People for the Ethical Treatment of Animals (PETA), the Center for Food Safety, and other groups have filed a federal lawsuit over a North Carolina intellectual property law that targets whistleblowers who expose corporate wrongdoing through the use of hidden cameras. Opponents of the law, which was passed last summer over the veto of Gov. Pat McCrory, say that it violates the constitutional free-speech and equal protection rights of whistleblowers and investigative journalists.
The law in question was intended by lawmakers to give legal recourse to employers against anyone who gets a job with a company for the purpose of stealing company secrets or recording alleged mistreatment of animals at a farm or factory. The law gives employers the ability to file a lawsuit for monetary damages against any person who gains access to nonpublic areas of their place of business and commits an act of theft or sets up audio or video recorders. Employers would be able to seek $5,000 in damages for each day that the state law is violated.
North Carolina legislators who supported the law said that it gave employers in the state an additional tool to protect against the theft of their intellectual property. However, PETA and the other groups who filed the lawsuit say that the North Carolina law is a thinly-veiled attempt to stop hidden-camera exposes of animal cruelty at farms and meat-packing plants. The groups also say that the law could make it easier for employers to intimidate employees who try to report misconduct such as elder abuse at nursing homes.
Wayne Pacelle, president and CEO of the Humane Society of the United States, said last year that the new law “turns whistleblowers into criminals, and it provides special protections for corporations and individuals that do terrible things to animals and even vulnerable people.” Lawmakers who voted against the bill said that a teenager who works in a pet store and posts pictures of abuse at the business on Facebook could be held civilly liable under the law. Other lawmakers said the law would restrict the ability of journalists to conduct undercover investigations.
North Carolina Gov. Pat McCrory vetoed the bill in June 2015 after it was passed by lawmakers in the state House and Senate. The Governor said that the law did not do enough to protect honest workers who report criminal activity, and would discourage those workers from reporting corporate wrongdoing. However, Republican lawmakers in both houses joined in a vote to override the Governor’s veto and the objections of Democratic lawmakers, allowing the law to go into effect.
Intellectual Property and “Qui Tam” Whistleblower Litigation
Individuals who have witnessed fraud first-hand may be eligible to file a “qui tam” or whistleblower lawsuit against the corporations or individuals who were responsible. To encourage private citizens to come forward with information regarding fraud against the government, the False Claims Act provides significant financial incentives. Billions have been recovered as a result of False Claims Act lawsuits, and hundreds of millions have been paid to the private citizens who below the whistler and made those recoveries possible.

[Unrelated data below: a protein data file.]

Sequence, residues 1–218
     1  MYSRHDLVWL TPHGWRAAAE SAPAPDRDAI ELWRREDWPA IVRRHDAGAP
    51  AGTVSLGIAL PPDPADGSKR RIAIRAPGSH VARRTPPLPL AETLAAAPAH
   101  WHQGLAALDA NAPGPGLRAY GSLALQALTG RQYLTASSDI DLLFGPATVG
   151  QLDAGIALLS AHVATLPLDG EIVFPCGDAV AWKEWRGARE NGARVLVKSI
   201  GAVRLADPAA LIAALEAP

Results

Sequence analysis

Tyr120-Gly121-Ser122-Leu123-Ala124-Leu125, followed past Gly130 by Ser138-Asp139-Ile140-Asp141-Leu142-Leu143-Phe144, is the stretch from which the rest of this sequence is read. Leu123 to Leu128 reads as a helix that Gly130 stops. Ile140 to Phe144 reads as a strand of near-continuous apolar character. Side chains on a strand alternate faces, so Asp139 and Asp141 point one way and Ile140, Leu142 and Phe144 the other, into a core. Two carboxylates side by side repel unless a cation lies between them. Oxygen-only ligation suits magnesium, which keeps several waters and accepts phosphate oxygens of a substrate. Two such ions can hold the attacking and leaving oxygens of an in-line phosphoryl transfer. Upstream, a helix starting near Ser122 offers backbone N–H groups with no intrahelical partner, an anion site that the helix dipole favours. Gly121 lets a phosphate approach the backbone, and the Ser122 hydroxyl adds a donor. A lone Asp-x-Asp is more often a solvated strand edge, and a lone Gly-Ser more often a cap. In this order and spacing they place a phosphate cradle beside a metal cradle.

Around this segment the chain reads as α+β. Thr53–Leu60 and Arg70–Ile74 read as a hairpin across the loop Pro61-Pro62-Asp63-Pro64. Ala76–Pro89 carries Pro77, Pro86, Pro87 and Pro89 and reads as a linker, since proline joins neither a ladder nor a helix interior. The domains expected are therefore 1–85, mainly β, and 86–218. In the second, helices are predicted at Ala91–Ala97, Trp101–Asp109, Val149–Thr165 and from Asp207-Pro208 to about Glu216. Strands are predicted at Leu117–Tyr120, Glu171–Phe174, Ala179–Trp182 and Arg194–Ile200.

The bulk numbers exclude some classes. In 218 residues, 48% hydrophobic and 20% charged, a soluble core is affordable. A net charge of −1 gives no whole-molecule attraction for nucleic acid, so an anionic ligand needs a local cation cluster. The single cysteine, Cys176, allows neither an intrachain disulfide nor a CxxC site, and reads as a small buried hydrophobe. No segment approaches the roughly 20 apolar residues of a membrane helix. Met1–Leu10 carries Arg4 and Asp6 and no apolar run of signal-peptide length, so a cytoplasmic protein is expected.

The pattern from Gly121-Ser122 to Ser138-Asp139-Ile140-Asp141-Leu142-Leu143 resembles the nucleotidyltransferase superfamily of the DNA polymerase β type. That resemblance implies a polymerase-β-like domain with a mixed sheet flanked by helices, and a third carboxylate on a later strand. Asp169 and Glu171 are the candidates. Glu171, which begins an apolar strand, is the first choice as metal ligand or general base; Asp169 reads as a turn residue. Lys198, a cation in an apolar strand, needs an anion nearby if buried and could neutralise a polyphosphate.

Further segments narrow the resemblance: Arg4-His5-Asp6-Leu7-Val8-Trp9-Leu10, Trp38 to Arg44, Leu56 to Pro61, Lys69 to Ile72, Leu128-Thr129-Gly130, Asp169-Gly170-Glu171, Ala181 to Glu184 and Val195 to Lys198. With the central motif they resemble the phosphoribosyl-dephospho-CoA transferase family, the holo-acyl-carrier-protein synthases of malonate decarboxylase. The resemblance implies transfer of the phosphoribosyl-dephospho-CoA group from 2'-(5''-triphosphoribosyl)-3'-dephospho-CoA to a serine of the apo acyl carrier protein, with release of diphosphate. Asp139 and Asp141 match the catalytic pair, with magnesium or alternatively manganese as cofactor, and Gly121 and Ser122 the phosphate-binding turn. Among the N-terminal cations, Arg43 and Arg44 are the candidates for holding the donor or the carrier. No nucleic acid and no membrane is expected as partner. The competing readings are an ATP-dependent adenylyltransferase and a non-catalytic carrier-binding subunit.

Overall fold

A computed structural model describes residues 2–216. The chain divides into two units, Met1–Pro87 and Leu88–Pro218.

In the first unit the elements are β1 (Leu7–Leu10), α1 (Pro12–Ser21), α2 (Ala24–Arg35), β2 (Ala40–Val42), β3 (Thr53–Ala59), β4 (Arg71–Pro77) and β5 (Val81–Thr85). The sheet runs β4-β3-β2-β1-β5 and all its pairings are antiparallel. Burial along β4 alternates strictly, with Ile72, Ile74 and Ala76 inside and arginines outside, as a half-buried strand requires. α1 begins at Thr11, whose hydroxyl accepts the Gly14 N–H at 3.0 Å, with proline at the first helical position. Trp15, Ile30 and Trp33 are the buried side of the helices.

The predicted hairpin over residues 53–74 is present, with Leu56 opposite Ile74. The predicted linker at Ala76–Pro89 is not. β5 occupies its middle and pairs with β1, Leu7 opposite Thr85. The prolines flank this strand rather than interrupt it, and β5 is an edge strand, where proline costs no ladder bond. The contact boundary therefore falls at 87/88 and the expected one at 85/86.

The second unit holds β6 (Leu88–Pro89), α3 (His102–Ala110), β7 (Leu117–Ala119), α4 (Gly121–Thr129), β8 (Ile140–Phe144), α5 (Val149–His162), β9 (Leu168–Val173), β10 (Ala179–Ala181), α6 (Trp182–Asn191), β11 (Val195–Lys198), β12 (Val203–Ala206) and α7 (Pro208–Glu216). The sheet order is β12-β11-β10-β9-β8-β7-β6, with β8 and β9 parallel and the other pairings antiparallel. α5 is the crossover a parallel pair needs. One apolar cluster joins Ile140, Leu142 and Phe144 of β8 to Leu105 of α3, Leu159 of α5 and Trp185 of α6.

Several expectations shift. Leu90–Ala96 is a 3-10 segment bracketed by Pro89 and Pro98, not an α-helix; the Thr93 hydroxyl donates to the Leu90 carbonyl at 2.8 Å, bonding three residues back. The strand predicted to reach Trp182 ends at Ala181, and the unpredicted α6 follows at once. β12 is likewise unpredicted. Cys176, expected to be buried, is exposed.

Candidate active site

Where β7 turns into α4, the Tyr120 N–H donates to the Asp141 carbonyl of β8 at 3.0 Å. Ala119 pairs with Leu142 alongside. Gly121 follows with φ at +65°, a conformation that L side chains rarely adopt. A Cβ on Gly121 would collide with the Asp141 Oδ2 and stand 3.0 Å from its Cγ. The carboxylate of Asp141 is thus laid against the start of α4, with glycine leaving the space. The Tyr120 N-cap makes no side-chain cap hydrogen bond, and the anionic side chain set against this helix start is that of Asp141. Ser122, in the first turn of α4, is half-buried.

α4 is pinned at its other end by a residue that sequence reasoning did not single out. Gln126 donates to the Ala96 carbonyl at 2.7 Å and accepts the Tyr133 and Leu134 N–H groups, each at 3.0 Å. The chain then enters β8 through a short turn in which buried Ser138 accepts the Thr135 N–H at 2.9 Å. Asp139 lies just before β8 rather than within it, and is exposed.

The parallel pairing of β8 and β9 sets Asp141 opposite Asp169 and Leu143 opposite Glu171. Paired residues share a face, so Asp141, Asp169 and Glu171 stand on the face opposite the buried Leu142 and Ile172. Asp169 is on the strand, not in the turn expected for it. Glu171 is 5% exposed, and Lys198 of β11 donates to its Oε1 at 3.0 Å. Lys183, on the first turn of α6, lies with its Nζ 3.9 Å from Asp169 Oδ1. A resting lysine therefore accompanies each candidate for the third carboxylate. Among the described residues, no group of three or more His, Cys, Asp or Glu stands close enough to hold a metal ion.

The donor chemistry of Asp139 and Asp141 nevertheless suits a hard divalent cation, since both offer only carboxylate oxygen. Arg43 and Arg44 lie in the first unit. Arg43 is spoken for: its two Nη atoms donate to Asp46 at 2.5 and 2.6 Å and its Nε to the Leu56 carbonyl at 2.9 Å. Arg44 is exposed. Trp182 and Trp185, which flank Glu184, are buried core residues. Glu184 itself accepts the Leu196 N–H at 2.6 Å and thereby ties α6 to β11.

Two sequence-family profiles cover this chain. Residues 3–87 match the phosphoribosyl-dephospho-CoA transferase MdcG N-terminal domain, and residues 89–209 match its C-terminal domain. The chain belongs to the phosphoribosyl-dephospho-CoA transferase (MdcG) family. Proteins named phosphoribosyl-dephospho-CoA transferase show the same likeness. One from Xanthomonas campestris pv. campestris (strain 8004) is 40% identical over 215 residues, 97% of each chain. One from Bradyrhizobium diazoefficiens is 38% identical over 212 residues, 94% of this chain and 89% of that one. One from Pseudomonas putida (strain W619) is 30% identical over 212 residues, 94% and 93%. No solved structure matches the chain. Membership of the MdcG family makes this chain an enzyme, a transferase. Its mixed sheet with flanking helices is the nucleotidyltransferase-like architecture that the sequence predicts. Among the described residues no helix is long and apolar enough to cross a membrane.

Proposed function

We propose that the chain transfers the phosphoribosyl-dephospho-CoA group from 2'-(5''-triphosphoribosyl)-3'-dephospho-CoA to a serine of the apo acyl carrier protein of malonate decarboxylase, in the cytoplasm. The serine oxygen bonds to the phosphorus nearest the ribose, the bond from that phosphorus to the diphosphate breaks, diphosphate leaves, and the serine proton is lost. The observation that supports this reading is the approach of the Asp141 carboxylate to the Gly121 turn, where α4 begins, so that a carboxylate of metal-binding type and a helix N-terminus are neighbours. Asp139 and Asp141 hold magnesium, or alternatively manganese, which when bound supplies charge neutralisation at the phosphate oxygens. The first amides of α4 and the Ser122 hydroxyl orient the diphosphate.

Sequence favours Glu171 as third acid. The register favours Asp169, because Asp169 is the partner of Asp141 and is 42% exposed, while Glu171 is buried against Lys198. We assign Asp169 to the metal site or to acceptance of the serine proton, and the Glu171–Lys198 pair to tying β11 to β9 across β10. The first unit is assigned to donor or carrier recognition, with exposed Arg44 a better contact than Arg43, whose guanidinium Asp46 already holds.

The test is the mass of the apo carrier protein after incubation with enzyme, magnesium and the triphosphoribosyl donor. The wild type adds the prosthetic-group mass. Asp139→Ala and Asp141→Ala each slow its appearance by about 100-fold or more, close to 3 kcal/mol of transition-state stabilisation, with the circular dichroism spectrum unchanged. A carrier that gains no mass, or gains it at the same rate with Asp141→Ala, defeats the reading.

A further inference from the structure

Anyone who has information that a business or person has knowingly submitted a fraudulent claim to any branch of the government can potentially help file and pursue a lawsuit under the False Claims Act. The whistleblower in these cases does not have to have been personally harmed; they just need to be aware of the false or fraudulent conduct. If money is recovered from a settlement or from a court judgment, the whistleblower who helped initiate the lawsuit can potentially recover up to 30% of the total amount recovered.
The law firm of Heygood, Orr & Pearson has experience handling whistleblower claims. For example, our lawyers successfully negotiated a $1.75 million award for a whistleblower in a large tax fraud case. Our attorneys have the knowledge and experience to ensure that whistleblowers receive the highest possible compensation for pursuing fraud allegations involving government agencies.
Heygood, Orr & Pearson has also handled hundreds of intellectual property and commercial litigation cases, ranging in value from tens of thousands of dollars to tens of millions. These cases have involved businesses of all sizes, ranging from small, local businesses to some of the largest multinational corporations in the world. We have handled cases of all shapes and sizes, including patent matters, claims for trademark infringement, and patent rights interference.
For more information about filing a lawsuit involving intellectual property matters or whistleblower allegations, contact the lawyers at Heygood, Orr & Pearson for a free legal consultation. You can reach us by calling our toll-free hotline at 1-877-446-9001, or by following this link to our free legal consultation form and answering a few simple questions to get started.